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  # 991065 20-Feb-2014 12:47
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surfisup1000:
Klipspringer: Setup your own ssh server listening on port 443. Then use that to create your secure ssh session over the free wifi. A PC running at home can be easily configured to do this. Then run putty on your laptop to forward your desired ports over the encrypted connection. No free WiFi is going to block port 443.


wouldn't that affect the home network? You would need to port forward port 443 to your pc on your home router.  But, then if you are using another pc in the house for https , then , would that be affected?


No won't affect your home network at all.

I will draw up a little diagram later as how I set mine up. I have been using this same setup for about 5years now.
You will also need to install a proxy server like squid on your home PC.

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  # 991070 20-Feb-2014 12:51
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Klipspringer:
surfisup1000:
Klipspringer: Setup your own ssh server listening on port 443. Then use that to create your secure ssh session over the free wifi. A PC running at home can be easily configured to do this. Then run putty on your laptop to forward your desired ports over the encrypted connection. No free WiFi is going to block port 443.


wouldn't that affect the home network? You would need to port forward port 443 to your pc on your home router.  But, then if you are using another pc in the house for https , then , would that be affected?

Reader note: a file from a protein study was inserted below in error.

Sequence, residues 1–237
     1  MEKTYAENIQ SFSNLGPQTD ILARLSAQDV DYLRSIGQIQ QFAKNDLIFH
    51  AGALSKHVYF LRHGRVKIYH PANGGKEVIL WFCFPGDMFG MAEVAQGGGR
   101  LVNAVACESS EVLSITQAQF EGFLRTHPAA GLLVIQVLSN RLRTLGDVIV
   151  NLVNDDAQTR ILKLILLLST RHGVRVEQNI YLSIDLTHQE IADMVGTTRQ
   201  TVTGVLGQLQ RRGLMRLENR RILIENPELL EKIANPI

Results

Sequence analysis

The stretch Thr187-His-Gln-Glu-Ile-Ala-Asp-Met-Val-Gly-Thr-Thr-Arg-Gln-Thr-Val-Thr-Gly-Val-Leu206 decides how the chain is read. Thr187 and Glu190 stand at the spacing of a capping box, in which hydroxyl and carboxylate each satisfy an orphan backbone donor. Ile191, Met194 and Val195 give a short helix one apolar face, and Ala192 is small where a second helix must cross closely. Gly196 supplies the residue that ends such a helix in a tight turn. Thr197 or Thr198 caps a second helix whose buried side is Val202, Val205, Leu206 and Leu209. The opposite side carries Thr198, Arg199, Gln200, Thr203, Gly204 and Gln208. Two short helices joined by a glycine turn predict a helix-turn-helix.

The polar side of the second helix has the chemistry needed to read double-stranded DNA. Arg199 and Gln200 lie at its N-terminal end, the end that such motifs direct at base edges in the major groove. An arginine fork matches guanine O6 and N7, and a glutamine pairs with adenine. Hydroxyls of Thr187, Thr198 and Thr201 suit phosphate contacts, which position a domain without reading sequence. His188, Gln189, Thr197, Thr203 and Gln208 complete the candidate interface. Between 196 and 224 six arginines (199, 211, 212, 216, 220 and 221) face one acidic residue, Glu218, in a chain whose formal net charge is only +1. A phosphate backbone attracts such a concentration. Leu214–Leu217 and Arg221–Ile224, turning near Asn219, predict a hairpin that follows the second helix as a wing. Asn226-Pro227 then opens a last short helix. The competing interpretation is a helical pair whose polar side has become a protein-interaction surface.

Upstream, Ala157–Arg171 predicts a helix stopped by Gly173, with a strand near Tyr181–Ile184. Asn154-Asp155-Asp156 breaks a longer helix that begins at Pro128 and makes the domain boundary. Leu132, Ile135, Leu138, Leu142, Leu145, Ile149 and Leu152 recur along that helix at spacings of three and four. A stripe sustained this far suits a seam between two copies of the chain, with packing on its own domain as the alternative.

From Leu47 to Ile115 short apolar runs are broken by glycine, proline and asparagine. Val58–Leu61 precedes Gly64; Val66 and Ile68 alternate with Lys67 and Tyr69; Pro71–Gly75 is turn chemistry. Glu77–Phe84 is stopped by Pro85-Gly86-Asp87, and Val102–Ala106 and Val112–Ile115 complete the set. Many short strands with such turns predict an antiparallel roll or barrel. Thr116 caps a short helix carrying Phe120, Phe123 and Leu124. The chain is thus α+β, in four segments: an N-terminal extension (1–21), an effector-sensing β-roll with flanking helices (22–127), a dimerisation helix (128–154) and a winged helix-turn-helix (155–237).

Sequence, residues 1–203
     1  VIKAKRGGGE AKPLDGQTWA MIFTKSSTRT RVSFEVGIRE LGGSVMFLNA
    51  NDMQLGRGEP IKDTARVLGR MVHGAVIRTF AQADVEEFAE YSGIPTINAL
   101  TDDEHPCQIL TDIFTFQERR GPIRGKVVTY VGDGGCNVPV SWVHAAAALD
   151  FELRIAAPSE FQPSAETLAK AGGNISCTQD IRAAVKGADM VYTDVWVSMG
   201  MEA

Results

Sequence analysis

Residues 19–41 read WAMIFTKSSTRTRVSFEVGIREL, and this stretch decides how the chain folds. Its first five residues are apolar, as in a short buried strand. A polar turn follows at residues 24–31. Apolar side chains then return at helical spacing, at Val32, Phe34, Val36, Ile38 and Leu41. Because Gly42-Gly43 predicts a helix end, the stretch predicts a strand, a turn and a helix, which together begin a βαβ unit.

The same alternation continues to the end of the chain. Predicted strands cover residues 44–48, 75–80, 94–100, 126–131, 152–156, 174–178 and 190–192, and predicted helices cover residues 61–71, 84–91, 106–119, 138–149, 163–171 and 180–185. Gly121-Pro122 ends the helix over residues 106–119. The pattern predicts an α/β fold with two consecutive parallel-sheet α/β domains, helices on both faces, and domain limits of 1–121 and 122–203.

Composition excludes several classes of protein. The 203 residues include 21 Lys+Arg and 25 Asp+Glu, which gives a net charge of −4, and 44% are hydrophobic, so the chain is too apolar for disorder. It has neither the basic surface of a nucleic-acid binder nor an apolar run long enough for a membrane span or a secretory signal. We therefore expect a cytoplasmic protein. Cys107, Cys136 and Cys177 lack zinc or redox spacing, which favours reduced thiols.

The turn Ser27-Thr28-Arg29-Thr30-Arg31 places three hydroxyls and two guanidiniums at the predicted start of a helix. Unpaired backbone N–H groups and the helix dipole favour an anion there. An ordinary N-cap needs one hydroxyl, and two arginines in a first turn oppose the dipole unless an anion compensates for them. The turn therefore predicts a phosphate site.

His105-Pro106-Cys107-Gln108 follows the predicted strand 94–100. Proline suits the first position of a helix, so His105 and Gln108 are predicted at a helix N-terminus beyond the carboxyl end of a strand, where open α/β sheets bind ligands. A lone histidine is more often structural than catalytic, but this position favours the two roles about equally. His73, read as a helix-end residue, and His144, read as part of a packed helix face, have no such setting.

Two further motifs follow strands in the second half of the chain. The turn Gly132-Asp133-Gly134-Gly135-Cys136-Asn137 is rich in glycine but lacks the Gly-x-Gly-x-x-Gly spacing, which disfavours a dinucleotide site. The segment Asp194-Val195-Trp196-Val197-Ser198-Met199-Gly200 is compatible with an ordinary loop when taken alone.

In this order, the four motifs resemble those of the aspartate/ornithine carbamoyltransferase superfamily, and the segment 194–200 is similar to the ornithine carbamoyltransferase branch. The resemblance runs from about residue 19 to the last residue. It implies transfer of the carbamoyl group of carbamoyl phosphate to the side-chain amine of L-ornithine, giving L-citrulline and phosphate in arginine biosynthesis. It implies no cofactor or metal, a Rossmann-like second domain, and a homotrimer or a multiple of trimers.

No won't affect your home network at all.

I will draw up a little diagram later as how I set mine up. I have been using this same setup for about 5years now.
You will also need to install a proxy server like squid on your home PC.


proxy server? wouldnt it be easier to just use ssh and a dynamic tunnel? 




#include <std_disclaimer>

 

Any comments made are personal opinion and do not reflect directly on the position my current or past employers may have.


 
 
 
 


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  # 991076 20-Feb-2014 12:59
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hio77:
Klipspringer:
surfisup1000:
Klipspringer: Setup your own ssh server listening on port 443. Then use that to create your secure ssh session over the free wifi. A PC running at home can be easily configured to do this. Then run putty on your laptop to forward your desired ports over the encrypted connection. No free WiFi is going to block port 443.


wouldn't that affect the home network? You would need to port forward port 443 to your pc on your home router.  But, then if you are using another pc in the house for https , then , would that be affected?